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REVIEW: The Other Cinderella (Black Ensemble Theater)

 

Definitely not your Mama’s Cinderella!

 

Katrina Miller, Candace Edwards, Rhonda Preston, Robin Beaman

    
Black Ensemble Theater presents
    
The Other Cinderella    
 
Written and Directed by Jackie Taylor
at
Black Ensemble Theater, 4520 N. Beacon (map)
through January 9  |  tickets: $45   |  more info

Reviewed by K.D. Hopkins

“Cinderella” has always been one of my favorite stories from childhood. I have to qualify this statement by revealing that I like the original Grimm’s version called “Aschenputtel,” that was more about the hard economic realities of marriage. Black Ensemble’s The Other Cinderella is a hilarious and decidedly unsanitized take on the classic. As with most BE musical productions, this show starts with a dazzling revue of the cast’s talents that introduce us to the Land of Other – a.k.a. the hood.

Candace Edwards and Lawrence Williams (1)After a dazzling musical opening that introduces the cast, we are taken to the hood, er..Land of Other, where three buddies and a girl are hanging out, waiting to hear the lottery numbers. This lottery will decide who gets the job in the palace court. Rueben Echoles is the lucky winner of the job as Page in the palace. Daniel Simmons and Joshua N. Banks play his pals Groundhog and Peanut Butter respectively. Niina Coleman plays Alice, the Page’s sister. The roles are a celebration of the better side of life in the hood. Page, Groundhog, Peanut Butter and Alice have a sweet camaraderie that rarely gets portrayed in the usual venues. Mr. Echoles is a comic wonder with his elastic face, great physicality, and bulls-eye timing as Page. Simmons and Banks are a lot of fun to watch as well.

Page comes up against the royal court of Other played by the formidable Michael Bartlett as the King’s Attendant and Mandy Lewis as the Queen’s Lady in Waiting. Mr. Bartlett has a marvelous baritone speaking voice that he uses to great humor lavishing praise on the King. Ms. Lewis is lovely and sings a beautiful duet with Mr. Bartlett about skin color called “Look at Me”. Trinity Murdock plays the King with wonderful bombast and command. Noreen Stark plays the Queen with just the right amount of royal serenity and backbone to stand up against the King. Writer and director Jackie Taylor mixed some modern ingredients in this production. The King and Queen are stressed out that their son the Prince (Lawrence Williams) is not giving any signs of finding a suitable wife. The King doesn’t like one of the Prince’s friends because he is gay.  He also insists on throwing a ball which forces the Prince to pick a woman from the attendees. The Queen is aghast at this edict and would rather see her son with a man if that would make him happy. (I guarantee you that this was not in the Grimm’s version or the Lesley Anne Warren/Stuart Damon version back in the 60’s!)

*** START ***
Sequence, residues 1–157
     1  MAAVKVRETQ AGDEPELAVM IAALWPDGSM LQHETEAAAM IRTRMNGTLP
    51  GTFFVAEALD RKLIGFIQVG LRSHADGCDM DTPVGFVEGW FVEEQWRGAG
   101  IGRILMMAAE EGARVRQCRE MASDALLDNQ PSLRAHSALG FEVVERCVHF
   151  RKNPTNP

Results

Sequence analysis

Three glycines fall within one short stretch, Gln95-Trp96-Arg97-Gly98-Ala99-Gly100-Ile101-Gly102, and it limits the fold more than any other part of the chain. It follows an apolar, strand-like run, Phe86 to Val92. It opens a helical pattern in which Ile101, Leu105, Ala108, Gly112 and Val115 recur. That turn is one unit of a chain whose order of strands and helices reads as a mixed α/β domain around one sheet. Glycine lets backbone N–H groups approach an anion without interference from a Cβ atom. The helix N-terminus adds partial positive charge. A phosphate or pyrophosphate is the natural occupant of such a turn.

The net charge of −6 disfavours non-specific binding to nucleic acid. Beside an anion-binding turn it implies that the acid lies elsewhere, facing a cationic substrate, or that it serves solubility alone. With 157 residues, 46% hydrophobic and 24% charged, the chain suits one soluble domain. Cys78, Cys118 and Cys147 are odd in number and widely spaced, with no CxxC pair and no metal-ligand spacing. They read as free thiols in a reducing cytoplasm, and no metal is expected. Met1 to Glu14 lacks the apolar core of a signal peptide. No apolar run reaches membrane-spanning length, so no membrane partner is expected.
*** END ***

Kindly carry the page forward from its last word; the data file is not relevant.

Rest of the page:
Meanwhile, back in the hood, we are introduced to Cinderella and her stepfamily. It is truly the villains that make this production laugh out loud funny. Rhonda Preston plays Stepmother, who works all day at the post office and is “lookin’ for a man to ring my bell”. Robin Beaman plays Stepsister Geneva and Katrina Miller plays Stepsister Margarite. Beaman and Miller made my sides hurt from laughing as they taunted Cinderella, played by the lovely Candace Edwards. They engage in what is known as playing the dozens, which is trying to out-insult your adversary. Preston brings down the house when she reaches her boiling point with Cinderella, pulling a classic neighborhood fight move by taking off her wig and doing a Mohammed Ali boxing dance. Ms. Preston channels some of the greatest comic women, including Carol Burnett, as she descends the stairs to the ball. Ms. Miller is absolutely brilliant as a vain hoochie mama who tries to seduce the prince with a bump-and-grind. Her hair color changes with each scene in true ghetto fabulousness. Ms. Beaman plays the wide-eyed Prince-stalker to perfection. When she meets him at the ball she goes into a crazy baby voice asking for a ring. The Stepsisters sing a mocking tune called “Wash Them Walls” that is very funny both visually and lyrically.